With what seemed like every second that came off the scoreboard, White Bear Lake was playing better and taking up more space on the ice.
Playing against a conference rival and one who put the only blemish on what would have been a perfect Suburban East record, the Bears dominated Stillwater en route to a 4-1 victory.
Stillwater managed 12 shots on goal, and few were of the high-scoring variety.
"It makes it a lot easier to win the game when you don't see 30 to 40 shots a game," Bears goalie Anthony Zappa said. "The guys played really well in front of me all night."
It just wasn't the way White Bear Lake played in the defensive zone that kept the Ponies' offense in check.
To allow only 12 shots on goal, the Bears' offensive attack was working just as well, if not better, than their defense.
They continued to work the puck all over the Ponies' zone, and if it was coughed up or dump-ins were sent to the corners, often it was a Bears player who came out with it.
"I think our speed just got to them," Bears coach Tim Sager said. "And that is what we need to do against these teams. We talk about it all the time, because we don't have the scoring that we did last season.
"What we do have is guys on our team that now know what can happen when you come out to play like this. I was really happy with the way we played."
Thomas Delaney got the Bears on the board early when he blasted a shot just inside the blue line that beat Stillwater goalie, Blake Cates.
In the second, Jack Morrisette just threw the puck at the net. With his teammates crashing the crease and creating chaos around the Ponies goal, White Bear Lake had a 2-1 lead.
Again, taking an aggressive approach, Neal Burke got the puck low, inside Stillwater's zone and without hesitation, charged to the net and slid a shot between Cates' legs.
"We're at a point where all of our guys are buying in," Jack Morrisette said. "At the beginning of the year, that was different, but we have guys that are working hard and doing what it takes to score goals and win games."
On the other side, Stillwater appeared to have troubles right from the drop of the puck.
Breaking out of the zone soon became a small feat for the Ponies.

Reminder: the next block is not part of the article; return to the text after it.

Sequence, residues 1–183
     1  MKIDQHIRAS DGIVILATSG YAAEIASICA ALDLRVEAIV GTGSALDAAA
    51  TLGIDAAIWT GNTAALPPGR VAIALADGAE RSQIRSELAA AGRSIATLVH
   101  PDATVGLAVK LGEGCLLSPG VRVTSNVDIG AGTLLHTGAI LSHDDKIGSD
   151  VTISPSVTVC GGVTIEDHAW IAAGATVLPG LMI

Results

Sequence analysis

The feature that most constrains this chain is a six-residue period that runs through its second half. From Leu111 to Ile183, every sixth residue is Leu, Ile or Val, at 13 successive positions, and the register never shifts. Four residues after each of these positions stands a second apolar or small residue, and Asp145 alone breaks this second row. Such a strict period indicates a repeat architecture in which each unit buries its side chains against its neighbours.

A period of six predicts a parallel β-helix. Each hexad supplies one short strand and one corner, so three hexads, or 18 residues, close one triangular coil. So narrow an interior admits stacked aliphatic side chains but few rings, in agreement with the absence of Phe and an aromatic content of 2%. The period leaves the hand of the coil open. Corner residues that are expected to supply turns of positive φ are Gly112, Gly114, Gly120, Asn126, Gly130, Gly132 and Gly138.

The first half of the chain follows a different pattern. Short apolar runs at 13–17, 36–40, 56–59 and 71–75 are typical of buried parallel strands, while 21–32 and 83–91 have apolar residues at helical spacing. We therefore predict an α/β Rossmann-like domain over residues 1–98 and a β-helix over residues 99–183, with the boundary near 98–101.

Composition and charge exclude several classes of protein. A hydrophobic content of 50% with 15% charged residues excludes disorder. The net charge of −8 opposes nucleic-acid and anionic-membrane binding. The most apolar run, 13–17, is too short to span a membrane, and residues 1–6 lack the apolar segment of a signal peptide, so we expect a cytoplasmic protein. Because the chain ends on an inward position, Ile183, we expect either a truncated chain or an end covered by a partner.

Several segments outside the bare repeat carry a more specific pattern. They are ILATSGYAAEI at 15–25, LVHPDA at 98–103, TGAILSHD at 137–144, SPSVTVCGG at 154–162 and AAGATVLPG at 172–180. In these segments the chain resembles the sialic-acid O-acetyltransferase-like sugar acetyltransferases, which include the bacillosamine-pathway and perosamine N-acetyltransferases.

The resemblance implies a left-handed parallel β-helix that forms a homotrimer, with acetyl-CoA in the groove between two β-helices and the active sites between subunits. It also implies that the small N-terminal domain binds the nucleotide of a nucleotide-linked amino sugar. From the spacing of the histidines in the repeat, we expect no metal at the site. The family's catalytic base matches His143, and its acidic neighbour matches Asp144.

"In the first period, i think they were ready to play and we weren't, Ponies coach Phil Housley said. "They came out with a lot of fire, and we didn't adjust to that."
Along with its aggressive play, White Bear Lake played a third forward high in the zone, which eliminated a chance for a home-run pass to spring either an odd-man rush or breakaway.
"We talked a lot about keeping that third guy high," Mitch Morrisette said. "There have been some times where we gave up a big play, and those really didn't happen tonight because of that."
The Bears have won four of their last five and have taken notice of what happens when they are ready from the drop of the puck.
Their only loss was to No. 5-ranked Edina by the score of 3-2.
"I think we have seen this year that we can play with some of these teams," Sager said.
White Bear Lake allowed only 12 shots on goal and took down Suburban East Conference rival, Stillwater, 4-1 on Thursday, Jan. 12 at the Vadnais Sports Center.
Thomas Delaney opened the scoring for the Bears when he fired a hard slap shot by Ponies goalie Blake Cates.
With just 12 seconds in the first period, Stillwater tied the game on its third shot of the game, when Zach Fedie tipped in a shot by Jake Cass.
In the second, Jack Morrisette scored the eventual game-winning goal on a shot from the left wing boards that was able to get back Cates, who was trying to find the puck through traffic.
Neal Burke gave White Bear Lake a 3-1 lead, when he grabbed the puck from the corner, skated toward the front and slid a shot through the five-hole of Cates.
With just more than a minute left, Mitch Morrisette added and empty net goal to conclude the scoring.
In a typical rivalry game, there was plenty of physical play, which can result in a large amount of penalty minutes.
Stillwater had a total of 24 minutes in the penalty box, while White Bear Lake had 17.
White Bear Lake remains unbeaten in conference play (7-0-1) and improved its overall record to 8-5-1 on the season.
It will travel to play Hastings on Saturday, Jan. 14.
Trying to keep up with the Bears will be that much more difficult for Stillwater as it falls to 4-2-2 in Suburban East play and 6-5-2 overall.
The Ponies will host Forest Lake on Saturday, Jan. 14 at the St. Croix Recreation Center.
1. Jack Morrisette, White Bear Lake
On top of scoring the eventual game-winning goal in the second, Morrisette was a key figure in the way the Bears locked down Stillwater to only 12 shots on goal. The defenseman was part of a collective effort in disrupting the Ponies in all areas of the game.
2. Thomas Delaney, White Bear Lake
The Bears dominated the first period, but were having problems solving Stillwater goalie, Blake Cates. Delaney was able to answer that issue when he ripped a shot just inside the blue line to open the scoring. He was also part of the defensive crew that frustrated and shut down Stillwater offensively.
3. R.J. Majkozak, White Bear Lake
Even though he did not record a point, Majkozak was a factor in moving the puck from the Bears blue line, hitting his teammates with long, breakout passes, which continually put pressure on Stillwater. He was also imperative in the offensive zone, where he again used his play-making skills in setting up players for high quality scoring chances, especially on the power play.